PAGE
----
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THE INESPLORED DATA SPACE
The main thesis we would like to argue is that Big Data Analytics platforms can allow us to substantially revise the intangible values in many companies. All companies that have human capital, intellectual property, state-of-the-art processes, or even a consolidated reputation on the market can use Big Data platforms to measure and consolidate these values: for example, to accurately verify how much Its brand equity contributes to the company’s result as compared to its competitors, as some international operators in Food & Beverage have been experimenting for some time now. As we all know, when an object becomes measurable, only then it becomes manageable and hence it becomes possible to extract the maximum value possible for the company. It is possible to theorize here that the other interesting aspect of applying new analytics technologies to intangible values is to allow any company to find any “capitals” that were not considered or even neglected. The purpose of the new analytics platforms will no longer be merely the data discovery in the strict sense, which is now being consolidated, but asset discovery, ie the ability to show intelligence superior to its competitors, is a cognitive advantage that It does not only depend on new levels of automation but also from the ability to reinvent its business with great lucidity. For example: What happens when a furniture company discovers that it can invest in superior “intimacy” with its customers, becoming a platform for any other competitor? How much does your business model change if you decide to rent furniture instead of selling it to a court? These transformations are only possible to those who know their customers and their processes better than any competitor.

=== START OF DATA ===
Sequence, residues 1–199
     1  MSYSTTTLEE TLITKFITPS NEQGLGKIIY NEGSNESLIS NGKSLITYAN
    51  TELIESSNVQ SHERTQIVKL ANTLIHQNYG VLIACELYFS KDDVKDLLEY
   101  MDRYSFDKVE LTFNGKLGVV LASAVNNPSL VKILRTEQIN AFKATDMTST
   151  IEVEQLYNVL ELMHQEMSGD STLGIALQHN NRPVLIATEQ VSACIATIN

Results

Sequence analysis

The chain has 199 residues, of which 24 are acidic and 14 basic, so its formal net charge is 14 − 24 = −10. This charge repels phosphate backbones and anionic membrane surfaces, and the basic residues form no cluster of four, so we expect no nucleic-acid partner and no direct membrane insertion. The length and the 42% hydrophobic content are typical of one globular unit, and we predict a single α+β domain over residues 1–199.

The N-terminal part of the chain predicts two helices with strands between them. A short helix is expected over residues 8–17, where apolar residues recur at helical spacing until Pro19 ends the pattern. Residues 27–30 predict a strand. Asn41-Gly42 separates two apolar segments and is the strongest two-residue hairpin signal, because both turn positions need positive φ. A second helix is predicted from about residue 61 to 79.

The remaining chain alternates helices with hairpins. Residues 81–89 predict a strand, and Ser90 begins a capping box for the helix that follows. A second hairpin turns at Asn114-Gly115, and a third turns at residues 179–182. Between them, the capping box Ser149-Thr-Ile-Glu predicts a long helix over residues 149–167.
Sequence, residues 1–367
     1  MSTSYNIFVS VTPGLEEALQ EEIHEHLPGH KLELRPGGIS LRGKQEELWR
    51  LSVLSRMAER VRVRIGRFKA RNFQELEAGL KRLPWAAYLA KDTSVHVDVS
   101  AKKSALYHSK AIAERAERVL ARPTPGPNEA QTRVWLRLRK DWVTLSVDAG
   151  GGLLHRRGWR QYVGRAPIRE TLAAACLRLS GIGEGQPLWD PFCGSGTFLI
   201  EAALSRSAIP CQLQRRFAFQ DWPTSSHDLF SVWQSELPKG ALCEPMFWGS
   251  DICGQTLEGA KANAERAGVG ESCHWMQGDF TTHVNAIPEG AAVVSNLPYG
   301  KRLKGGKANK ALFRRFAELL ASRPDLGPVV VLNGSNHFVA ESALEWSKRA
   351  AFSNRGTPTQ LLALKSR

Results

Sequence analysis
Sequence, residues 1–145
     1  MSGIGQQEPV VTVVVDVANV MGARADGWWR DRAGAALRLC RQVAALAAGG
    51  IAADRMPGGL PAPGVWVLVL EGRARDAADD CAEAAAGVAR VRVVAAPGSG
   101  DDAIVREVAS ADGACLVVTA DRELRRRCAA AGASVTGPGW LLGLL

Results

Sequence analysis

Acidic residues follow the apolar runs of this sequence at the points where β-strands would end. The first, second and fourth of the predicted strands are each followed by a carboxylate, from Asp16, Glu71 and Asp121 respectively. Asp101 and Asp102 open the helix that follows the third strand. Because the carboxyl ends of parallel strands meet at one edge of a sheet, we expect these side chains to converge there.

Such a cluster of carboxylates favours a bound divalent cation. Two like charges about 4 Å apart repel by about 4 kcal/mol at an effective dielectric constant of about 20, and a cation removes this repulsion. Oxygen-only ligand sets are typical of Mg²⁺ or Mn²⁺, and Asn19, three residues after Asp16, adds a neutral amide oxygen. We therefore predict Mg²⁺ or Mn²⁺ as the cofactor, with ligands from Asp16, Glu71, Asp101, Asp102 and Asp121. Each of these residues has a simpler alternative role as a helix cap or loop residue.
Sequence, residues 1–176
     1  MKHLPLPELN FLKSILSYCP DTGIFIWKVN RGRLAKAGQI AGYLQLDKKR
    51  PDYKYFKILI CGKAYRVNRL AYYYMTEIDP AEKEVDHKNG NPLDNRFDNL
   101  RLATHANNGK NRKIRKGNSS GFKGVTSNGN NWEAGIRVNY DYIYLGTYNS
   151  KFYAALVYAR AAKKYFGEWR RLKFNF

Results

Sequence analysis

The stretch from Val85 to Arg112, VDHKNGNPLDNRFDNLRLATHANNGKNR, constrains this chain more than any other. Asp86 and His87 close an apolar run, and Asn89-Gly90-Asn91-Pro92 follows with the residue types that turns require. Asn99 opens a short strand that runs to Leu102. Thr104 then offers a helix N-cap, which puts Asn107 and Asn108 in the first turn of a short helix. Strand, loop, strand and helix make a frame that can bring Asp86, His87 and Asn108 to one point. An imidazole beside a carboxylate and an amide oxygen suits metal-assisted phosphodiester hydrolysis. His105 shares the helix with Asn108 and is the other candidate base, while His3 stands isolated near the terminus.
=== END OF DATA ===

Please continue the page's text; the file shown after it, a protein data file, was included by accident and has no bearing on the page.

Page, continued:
THE NEW RULES OF COMPETITION
A company’s ability to move from a data-driven approach to a knowledge-driven approach obviously goes far beyond the ability to employ IT to automate core business or to create new products and services that consider well I am only the most obvious result of a deeper transformation that is hidden behind appearances. The central point is to recognize that any business problem is primarily a data problem, a matter of “digital logistics”, and so the level of competition moves, so to speak, a step back from market comparison Reality, where imitation and homologation processes are so strong that any follower after some time succeeds in mimicking the most sophisticated solutions set up by market leaders, a sort of virtual meta-market where contestants are confronted with the ability to develop An increasingly sophisticated knowledge of market demands and production processes, and where it competes on digital images of processes, products and solutions (“digital twins”). As businesses begin to compete on the ground of what we might call “digital logistics”, the rules of competition take on a new form and begin to transcend the traditional boundaries between industrial sectors. If from the material production of goods and services entrusted to the increasingly intelligent machines of Industry 4.0, competition moves on the digitization of business models entrusted to the “data architects” involved in the digital twin processes, then it could come Very soon a moment in which the most important determinants of business value will be these “digital blueprints”, that are aggregates of perfectly coherent, integrated and coordinated intangible values in their elementary components, reified in increasingly liquid data and infrastructures that can be transferred Easily from a matrix of productive factors to another, from one sector to another. In such a futuristic scenario, there would be only two industrial sectors: the manufacturing industry (broadly), and the data industry.